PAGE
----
- It can help you keep the core ab muscles engaged, encouraging better lifting, sitting, and bending habits.
- If able, placing it partly lower around the hips seems to help with hip instability that can contribute to lower back pain. (There are “sacroiliac belts” that do this specifically.)
- Potential relief: 3 – For people who benefit, they can often relieve about half of symptoms while wearing them over time.
- Universality: 3 – This may help roughly half of people with lower back pain. It may not be convenient enough for everyone, or it may not be acceptable in your work to have a wrap outline showing through your clothes.
- Ease to learn: 5 – Wrap at a comfortable but firm tightness. For some people, it helps to wrap lower to include the hips, which can be done if your hips are narrower.
- Low cost: 4 – Options range from $10-40.
- Low time investment: 5 – Takes a few seconds to apply.
- Comfort: 4 - Elastic wraps are mostly comfortable, especially with lower back pain. They might get a little irritating, for some people.
Here’s one 4.7-star example via Amazon by iDofit:
Ignore the marketing: A lot of the elastic wraps I’m talking about are marketed as “fat burning”, which I believe is incorrect. If you’re physically active in them, you’ll sweat more around your midsection and lose more water weight. Personally, I’ve worn a neoprene stretchy wrap during multiple hours of giving massage (manual labor), and it didn’t bother me or smell.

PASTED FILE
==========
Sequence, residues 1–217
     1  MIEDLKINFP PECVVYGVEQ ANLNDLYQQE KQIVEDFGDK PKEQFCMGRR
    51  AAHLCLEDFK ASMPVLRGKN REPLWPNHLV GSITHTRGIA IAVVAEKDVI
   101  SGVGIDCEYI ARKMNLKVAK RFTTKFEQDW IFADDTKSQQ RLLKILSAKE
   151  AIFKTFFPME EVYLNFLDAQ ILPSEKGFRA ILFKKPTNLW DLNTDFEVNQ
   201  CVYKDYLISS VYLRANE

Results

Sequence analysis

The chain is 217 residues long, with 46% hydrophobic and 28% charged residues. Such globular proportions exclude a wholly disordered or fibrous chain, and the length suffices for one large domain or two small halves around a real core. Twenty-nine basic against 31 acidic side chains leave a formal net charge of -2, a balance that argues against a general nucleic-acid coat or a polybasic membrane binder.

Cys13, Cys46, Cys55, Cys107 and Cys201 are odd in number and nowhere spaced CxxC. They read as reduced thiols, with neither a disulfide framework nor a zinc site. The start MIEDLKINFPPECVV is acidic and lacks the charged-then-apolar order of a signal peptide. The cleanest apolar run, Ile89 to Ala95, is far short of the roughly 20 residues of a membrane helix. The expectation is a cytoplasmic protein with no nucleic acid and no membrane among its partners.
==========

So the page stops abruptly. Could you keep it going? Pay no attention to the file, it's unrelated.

Lower back support “braces” are typically more stiff, but you might want that instead. I don’t like how they limit movement so much, as research and experience suggest that some movement helps most lower backs recover.
- Catching the Earliest Pain Warning Signs
As I announced to my email list last week, my first series of reviews focuses on pain fixes for the lower back.
Lower back, neck, and shoulders are by far the most common complaints both for normal aches and disabling pains… Over 50% of adults (NIH) have had pain in the last 3 months!
One of my earlier emails shared how I jumped back to full functioning after I threw my back out again. Since then, it’s doing pretty well. I’m aware of the earliest signs of stiffness and aches, so I try to head off worse pain within a few days…
Some of the earliest, subtlest warning signs of the lower back needing hands-on attention include:
- Getting tiny twinges of pain, then it’s fine
- When sitting, I have to move my hips more to pick things up
- It’s harder to reach and tie my shoes
- When standing, feeling like I have to squeeze the lower back muscle to stay upright
- At night, catching myself slump-walking, which is walking and standing with knees deeply bent
- It’s tiring to stay bent over in the kitchen
- It hurts more than usual to press my fists into the lower back
- I find myself shying away from fun physical activities like dancing or racing the dog
- At the gym, I feel overly cautious about picking up heavier weights off the ground
- Having a nagging instinct that I just want to lie down or even hang from a ledge or bar!
Think about what your own earliest warning signs are for your recurring aches and pains.